The same source which talks about Boethius mentioning them also says that “the Benedictine monks arranged these antiphons with a definite purpose. If one starts with the last title and takes the first letter of each one - Emmanuel, Rex, Oriens, Clavis, Radix, Adonai, Sapientia - the Latin words ero cras are formed, meaning, ‘Tomorrow, I will come.’ Therefore, the Lord Jesus, whose coming we have prepared for in Advent and whom we have addressed in these seven Messianic titles, now speaks to us, ‘Tomorrow, I will come.’ So the “O Antiphons” not only bring intensity to our Advent preparation, but bring it to a joyful conclusion.”

The hymn O Come, o come, Emmanuel, is founded on these antiphons, though the seventh antiphon becomes the first verse of the hymn.

It might be helpful to point out the prophecies to which each of the O Antiphons refers. I have simply combined the references given by different commentators. The New Testament references are from Bishop Hall. The English versions of the Antiphons are from McCausland’s Order of Divine Service: The Christian Year 2010 (Toronto: ABC, 2009), p. 27. Bishop Hall also included a devotional paraphrase on each of the antiphons:

1. O Sapientia
O Sapientia, quae ex ore Altissimi prodiisti, / attingens a fine usque ad finem, / fortiter suaviterque disponens omnia: / veni ad docendum nos viam prudentiae.
O Wisdom, who came forth from the mouth of the Most High, and reaching from beginning to end, mightily and sweetly ordered all things: Come, and teach us the way of prudence!
Isaiah 11.2-3’ Isaiah 28:29; Proverbs viii. 22, sq.; Sirach 24:3; Wisdom of Solomon 8:1; 9: 4, 9, 10; Hebrews i. 1; John i. 3; Ecclesiasticus xxxiv. 3. sq.
2. O Adonai
O Adonai, et Dux domus Israel, / qui Moysi in igne flammae rubi apparuisti, / et ei in Sina legem dedisti: / veni ad redimendum nos in brachio extento.
O Lord and Ruler of the house of Israel, who appeared to Moses in the fire of the burning bush, and on Mount Sinai gave him the Law: Come, and with an outstretched arm redeem us!
Isaiah 11:4-5 ; Acts 7:30, 28; Hebrews 12:18-21, 10:16. Also: Ex 24:12; Deut 5:15f; Ex 15:13.
3 . O Radix Jesse
O Radix Jesse, qui stas in signum populorum, / super quem continebunt reges os suum, / quem Gentes deprecabuntur: / veni ad liberandum nos, jam noli tardare.
O Root of Jesse, standing for an ensign of the people, before whom rulers shall keep silence, to whom all nations shall have recourse: Come, save us, and do not delay.
Isaiah 11:1, 10; 45.14; 52.15; Micah 5:1. Isaiah 45:14, Isaiah 52:15; Hab 2:3 ; Romans 1:3; 15:12.
4. O Clavis David
O Clavis David, et sceptrum domus Israel; / qui aperis, et nemo claudit; / claudis, et nemo aperit: / veni, et educ vinctum de domo carceris, / sedentem in tenebris, et umbra mortis.
O Key of David, and Sceptre of the house of Israel: who opens and no one closes, who closes and no one opens: Come, and deliver from the chains of prison whoever sits in the darkness and the shadow of death.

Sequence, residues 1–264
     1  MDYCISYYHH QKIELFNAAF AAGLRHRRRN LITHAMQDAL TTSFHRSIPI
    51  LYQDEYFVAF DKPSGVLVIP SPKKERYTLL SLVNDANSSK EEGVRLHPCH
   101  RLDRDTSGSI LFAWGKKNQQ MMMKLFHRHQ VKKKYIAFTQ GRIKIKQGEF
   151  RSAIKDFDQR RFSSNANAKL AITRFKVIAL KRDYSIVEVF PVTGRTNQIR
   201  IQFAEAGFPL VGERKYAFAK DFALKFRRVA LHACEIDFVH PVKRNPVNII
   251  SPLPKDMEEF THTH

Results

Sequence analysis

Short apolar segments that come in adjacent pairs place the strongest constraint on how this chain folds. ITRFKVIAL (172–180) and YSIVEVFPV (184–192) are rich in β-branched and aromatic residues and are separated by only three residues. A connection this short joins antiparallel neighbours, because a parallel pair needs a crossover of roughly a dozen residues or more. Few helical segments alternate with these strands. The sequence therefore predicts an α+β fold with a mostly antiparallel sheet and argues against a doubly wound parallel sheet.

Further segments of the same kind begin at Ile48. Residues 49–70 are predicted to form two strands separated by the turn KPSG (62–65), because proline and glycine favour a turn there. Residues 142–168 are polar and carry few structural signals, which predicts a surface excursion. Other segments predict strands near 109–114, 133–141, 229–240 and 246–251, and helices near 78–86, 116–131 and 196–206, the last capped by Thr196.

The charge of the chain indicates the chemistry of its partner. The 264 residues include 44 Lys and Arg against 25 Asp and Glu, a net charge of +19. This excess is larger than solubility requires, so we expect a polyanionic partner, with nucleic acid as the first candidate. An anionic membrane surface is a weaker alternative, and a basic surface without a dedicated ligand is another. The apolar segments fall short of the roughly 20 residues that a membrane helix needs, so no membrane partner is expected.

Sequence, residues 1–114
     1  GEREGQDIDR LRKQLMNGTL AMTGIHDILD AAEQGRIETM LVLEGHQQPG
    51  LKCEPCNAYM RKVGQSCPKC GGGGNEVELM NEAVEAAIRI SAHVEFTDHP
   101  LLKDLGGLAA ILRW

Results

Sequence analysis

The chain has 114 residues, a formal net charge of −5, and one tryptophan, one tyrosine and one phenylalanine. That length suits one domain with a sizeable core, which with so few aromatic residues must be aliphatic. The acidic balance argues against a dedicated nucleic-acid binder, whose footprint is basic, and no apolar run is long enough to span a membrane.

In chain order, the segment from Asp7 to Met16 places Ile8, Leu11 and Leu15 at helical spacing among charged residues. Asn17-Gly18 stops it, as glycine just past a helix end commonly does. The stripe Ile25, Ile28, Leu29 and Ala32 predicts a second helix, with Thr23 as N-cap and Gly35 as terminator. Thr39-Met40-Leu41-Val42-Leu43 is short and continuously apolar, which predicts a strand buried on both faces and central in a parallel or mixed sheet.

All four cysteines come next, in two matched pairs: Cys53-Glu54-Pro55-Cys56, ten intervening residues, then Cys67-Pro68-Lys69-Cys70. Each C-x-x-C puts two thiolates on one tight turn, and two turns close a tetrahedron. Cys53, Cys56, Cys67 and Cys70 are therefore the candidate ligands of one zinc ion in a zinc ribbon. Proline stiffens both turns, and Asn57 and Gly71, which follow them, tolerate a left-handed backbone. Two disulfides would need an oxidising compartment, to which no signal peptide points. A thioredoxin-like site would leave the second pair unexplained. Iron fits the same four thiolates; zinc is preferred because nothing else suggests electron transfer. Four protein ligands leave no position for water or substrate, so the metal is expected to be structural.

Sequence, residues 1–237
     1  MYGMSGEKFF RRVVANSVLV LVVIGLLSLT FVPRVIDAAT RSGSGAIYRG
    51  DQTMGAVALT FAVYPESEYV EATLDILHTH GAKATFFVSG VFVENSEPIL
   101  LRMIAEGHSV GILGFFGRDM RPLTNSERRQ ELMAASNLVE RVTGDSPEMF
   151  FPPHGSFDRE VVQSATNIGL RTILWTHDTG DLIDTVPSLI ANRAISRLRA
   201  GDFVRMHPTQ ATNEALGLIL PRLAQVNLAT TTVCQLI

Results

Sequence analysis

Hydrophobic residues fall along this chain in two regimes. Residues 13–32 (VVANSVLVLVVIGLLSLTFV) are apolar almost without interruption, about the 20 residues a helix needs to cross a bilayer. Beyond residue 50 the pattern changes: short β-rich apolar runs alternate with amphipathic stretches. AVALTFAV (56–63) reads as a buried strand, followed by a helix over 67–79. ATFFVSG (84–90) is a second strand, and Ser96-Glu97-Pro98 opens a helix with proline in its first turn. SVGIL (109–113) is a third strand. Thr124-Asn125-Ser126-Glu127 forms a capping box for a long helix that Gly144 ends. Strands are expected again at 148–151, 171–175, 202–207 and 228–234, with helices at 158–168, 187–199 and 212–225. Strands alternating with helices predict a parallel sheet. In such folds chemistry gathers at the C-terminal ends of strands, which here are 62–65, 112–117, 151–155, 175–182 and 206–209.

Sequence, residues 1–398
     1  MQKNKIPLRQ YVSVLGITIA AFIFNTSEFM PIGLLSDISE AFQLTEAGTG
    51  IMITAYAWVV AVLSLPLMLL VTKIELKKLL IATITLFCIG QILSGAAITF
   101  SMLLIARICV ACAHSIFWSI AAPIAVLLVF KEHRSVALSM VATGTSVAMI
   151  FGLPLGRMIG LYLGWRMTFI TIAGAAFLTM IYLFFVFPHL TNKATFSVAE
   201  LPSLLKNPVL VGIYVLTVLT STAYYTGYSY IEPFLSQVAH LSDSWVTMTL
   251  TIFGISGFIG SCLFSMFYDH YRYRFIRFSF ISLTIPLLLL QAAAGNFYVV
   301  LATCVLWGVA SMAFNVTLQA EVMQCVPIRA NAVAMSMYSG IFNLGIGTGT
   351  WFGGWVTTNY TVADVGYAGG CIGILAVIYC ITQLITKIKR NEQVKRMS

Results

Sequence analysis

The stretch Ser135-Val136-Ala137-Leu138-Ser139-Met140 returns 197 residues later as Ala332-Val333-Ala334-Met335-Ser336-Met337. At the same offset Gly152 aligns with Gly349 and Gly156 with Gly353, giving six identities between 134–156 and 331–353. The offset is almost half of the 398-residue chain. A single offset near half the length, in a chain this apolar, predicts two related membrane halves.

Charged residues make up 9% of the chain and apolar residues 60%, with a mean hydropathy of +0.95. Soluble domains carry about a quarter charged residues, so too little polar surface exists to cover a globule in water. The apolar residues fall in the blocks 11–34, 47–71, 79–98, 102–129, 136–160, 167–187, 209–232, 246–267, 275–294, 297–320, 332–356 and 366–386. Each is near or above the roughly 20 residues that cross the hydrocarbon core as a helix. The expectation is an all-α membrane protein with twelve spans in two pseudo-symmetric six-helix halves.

Isaiah 22:22; 9:7; 42:7; Gen 49:10; Num 24:17; Revelation iii. 7; Luke i. 32; Mark ii. 10; Matthew xxviii. 18, xvi. 18, 19.
5. O Oriens
O Oriens, / splendor lucis aeternae, et sol justitiae: / veni, et illumina sedentes in tenebris, et umbra mortis.
O Rising Dawn (or Dayspring), Brightness of the light eternal and Sun of Righteousness: Come, and enlighten those who sit in darkness and the shadow of death.
Isaiah 9:2; 42:7; 60:1-2; Zech 3:8-6:12Malachi 4:2; Wisdom 7; 26; Luke i. 78, 79; Hebrews i. 3; John i. 4, 5; Titus iii. 4; Luke vii. 22; Ephesians v. 8-14.
[Note that in some OT passages, the word which the Vulgate rendered as “dawn” is translated as “Branch”.]
6. O Rex gentium
O Rex Gentium, et desideratus earum, / lapisque angularis, qui facis utraque unum: / veni, et salva hominem, / quem de limo formasti.
O King of the Nations, and their Desire, the cornerstone that binds two into one: Come, and save mankind, fashioned out of clay.
Gen 2:7; Isa 9:6; 2:4; Isa 28:16; 45:22; Jer 10. 7; Haggai 2:8; Psalm 113. 6-8; 47:9. Acts 17:26; Eph 2:14 .
7. O Emmanuel
O Emmanuel, Rex et legifer noster, / exspectatio Gentium, et Salvator earum: / veni ad salvandum nos, Domine, Deus noster.
O Emmanuel, our King and Lawgiver, the Desire of all nations and their Saviour: Come, and save us, O Lord our God.
Isaiah 7:14 ; 8:8; 32:1; Psalm 72; Genesis 49: 10; Haggai 2:7; Zech 9:9; Luke 1:71, 74, 75.

For those who begin the Antiphons today, here is the one for use on December 23rd
O Virgo Virginum
O Virgo virginum, quomodo fiet istud?/ Quia nec primam similem visa es nec habere sequentem. / Filiae Jerusalem, quid me admiramini? / Divinum est mysterium hoc quod cernitis.
O Virgin of Virgins, how shall this be? For neither before thee was any like thee, nor shall be any after. daughters of Jerusalem, why marvel ye at me? The thing which ye behold is a divine mystery.

Friday, December 11, 2009

Lectionary Notes

Some Notes for the Third Sunday of Advent
13 December AD 2009

Gaudete in Domino

The traditional theme of this Sunday is Joy, and its traditional name is “Gaudete in domino”, which means “Rejoice in the Lord!”. It is taken from the fourth chapter of Philippians, which is the traditional Epistle for this Sunday in the Roman rite, and from which the introit antiphon is taken. The rose-coloured vestments used today in some places and the rose or pink candle in the Advent wreath are signs of this joy.